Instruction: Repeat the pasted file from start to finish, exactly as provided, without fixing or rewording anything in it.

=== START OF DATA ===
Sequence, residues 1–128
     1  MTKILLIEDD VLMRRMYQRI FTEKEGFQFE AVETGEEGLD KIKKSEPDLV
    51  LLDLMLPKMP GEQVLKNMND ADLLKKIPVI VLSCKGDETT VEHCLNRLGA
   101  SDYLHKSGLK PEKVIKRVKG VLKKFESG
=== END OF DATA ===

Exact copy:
Sequence, residues 1–128
     1  MTKILLIEDD VLMRRMYQRI FTEKEGFQFE AVETGEEGLD KIKKSEPDLV
    51  LLDLMLPKMP GEQVLKNMND ADLLKKIPVI VLSCKGDETT VEHCLNRLGA
   101  SDYLHKSGLK PEKVIKRVKG VLKKFESG